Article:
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When we start sentences with something like "To the best of our knowledge, ..." or"To achieve this, ...", do we need the commas? For example, which one is correct between "To the best of our knowledge, he is not coming." and "To the best of our knowledge he is not coming."?

I tried to look at the rule book for using comma and did not find a rule that applies; thus perhaps commas are not needed. However, I saw commas quite often. It is even there in the example in the merriam-webster dictionary: "To the best of his knowledge, no one had called all morning."

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A lot of this aspect of punctuation is mandated by usage and not style guides. When you look on corpora sites such as BNC you find that the absence of a comma is unusual in this particular case, and so the example you saw was fairly typical.

Take the second sentence above: after 'BNC', I did not use a comma. I wondered whether I was unusual in this, but a quick glance on BNC told me after this particular subordinating construction we are less likely to see commas. So I've at least got the crowd (people who write for newspapers, which are edited and proofread) behind me!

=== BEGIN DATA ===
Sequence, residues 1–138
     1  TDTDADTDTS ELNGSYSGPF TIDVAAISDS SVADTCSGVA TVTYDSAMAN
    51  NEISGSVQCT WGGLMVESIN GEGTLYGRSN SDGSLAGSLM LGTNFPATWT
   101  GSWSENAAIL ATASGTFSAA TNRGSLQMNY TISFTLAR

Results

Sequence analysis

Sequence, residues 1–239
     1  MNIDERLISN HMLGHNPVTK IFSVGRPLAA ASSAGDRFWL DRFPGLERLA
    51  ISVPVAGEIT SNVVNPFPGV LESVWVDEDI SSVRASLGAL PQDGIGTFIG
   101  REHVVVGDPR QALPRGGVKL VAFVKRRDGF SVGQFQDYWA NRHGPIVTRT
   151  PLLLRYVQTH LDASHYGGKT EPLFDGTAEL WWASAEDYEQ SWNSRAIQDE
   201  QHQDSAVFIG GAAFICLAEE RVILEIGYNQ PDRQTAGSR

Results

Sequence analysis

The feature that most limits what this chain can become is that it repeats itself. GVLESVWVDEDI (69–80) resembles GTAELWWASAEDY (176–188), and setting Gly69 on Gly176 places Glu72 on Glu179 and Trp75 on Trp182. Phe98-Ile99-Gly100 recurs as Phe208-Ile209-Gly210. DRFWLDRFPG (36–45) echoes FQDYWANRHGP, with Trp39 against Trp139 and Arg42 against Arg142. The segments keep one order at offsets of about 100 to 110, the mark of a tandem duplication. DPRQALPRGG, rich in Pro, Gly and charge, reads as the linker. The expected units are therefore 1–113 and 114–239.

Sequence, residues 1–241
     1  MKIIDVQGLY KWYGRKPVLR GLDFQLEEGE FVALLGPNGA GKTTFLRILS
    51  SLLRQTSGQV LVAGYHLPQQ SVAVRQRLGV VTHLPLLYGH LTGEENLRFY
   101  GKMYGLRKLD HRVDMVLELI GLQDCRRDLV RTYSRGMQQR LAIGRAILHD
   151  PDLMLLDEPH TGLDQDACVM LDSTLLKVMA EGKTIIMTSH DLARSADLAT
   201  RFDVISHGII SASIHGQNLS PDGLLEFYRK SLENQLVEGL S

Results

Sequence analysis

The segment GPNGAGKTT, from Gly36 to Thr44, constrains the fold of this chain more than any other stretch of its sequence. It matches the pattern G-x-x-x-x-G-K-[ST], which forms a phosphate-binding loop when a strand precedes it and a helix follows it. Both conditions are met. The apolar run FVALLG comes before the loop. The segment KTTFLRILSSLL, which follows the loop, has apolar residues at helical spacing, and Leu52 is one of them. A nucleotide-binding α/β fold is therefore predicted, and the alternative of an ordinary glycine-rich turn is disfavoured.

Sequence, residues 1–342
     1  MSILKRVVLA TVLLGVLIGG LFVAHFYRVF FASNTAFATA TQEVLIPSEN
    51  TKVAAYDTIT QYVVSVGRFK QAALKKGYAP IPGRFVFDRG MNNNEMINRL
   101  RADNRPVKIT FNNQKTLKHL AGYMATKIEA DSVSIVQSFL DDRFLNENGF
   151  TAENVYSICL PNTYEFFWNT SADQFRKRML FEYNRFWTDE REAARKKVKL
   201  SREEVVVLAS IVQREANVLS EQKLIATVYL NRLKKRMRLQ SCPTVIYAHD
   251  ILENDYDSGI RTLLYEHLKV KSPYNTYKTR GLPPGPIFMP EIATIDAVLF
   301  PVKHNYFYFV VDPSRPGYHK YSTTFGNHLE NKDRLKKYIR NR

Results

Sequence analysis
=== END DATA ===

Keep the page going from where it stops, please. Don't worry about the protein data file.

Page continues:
If you want to know more and see the examples used by linguists, I'd also do a search for 'discourse marker' and 'comment clause.

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I'd say do not use the comma.

A general rule of thumb is "if you can do without the comma, do without it". This means that if the comma is not serving a particular purpose, such as eliminating confusion or indicating a pause where otherwise none would have been taken, then it's better to do without it.

Using unnecessary commas in a sentence could be distracting for readers.

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If it is not in the style manual, then it is generally preference; however, I tend to defer to adding the comma in this situation.

A short sentence, like the example provided, the comma will not change the meaning of the sentence one way or another. Longer sentences, the comma could change the meaning - where you draw the line...? That can be difficult to say; hence, my preference for using the comma.

Also, I see the comma as guidance for how the author wishes the sentence to be read - i.e., it reflects how the sentence is to be read as though it were spoken. That isn't necessarily applicable in this situation, but a general rule I find to be helpful when deciding to use a comma or not.

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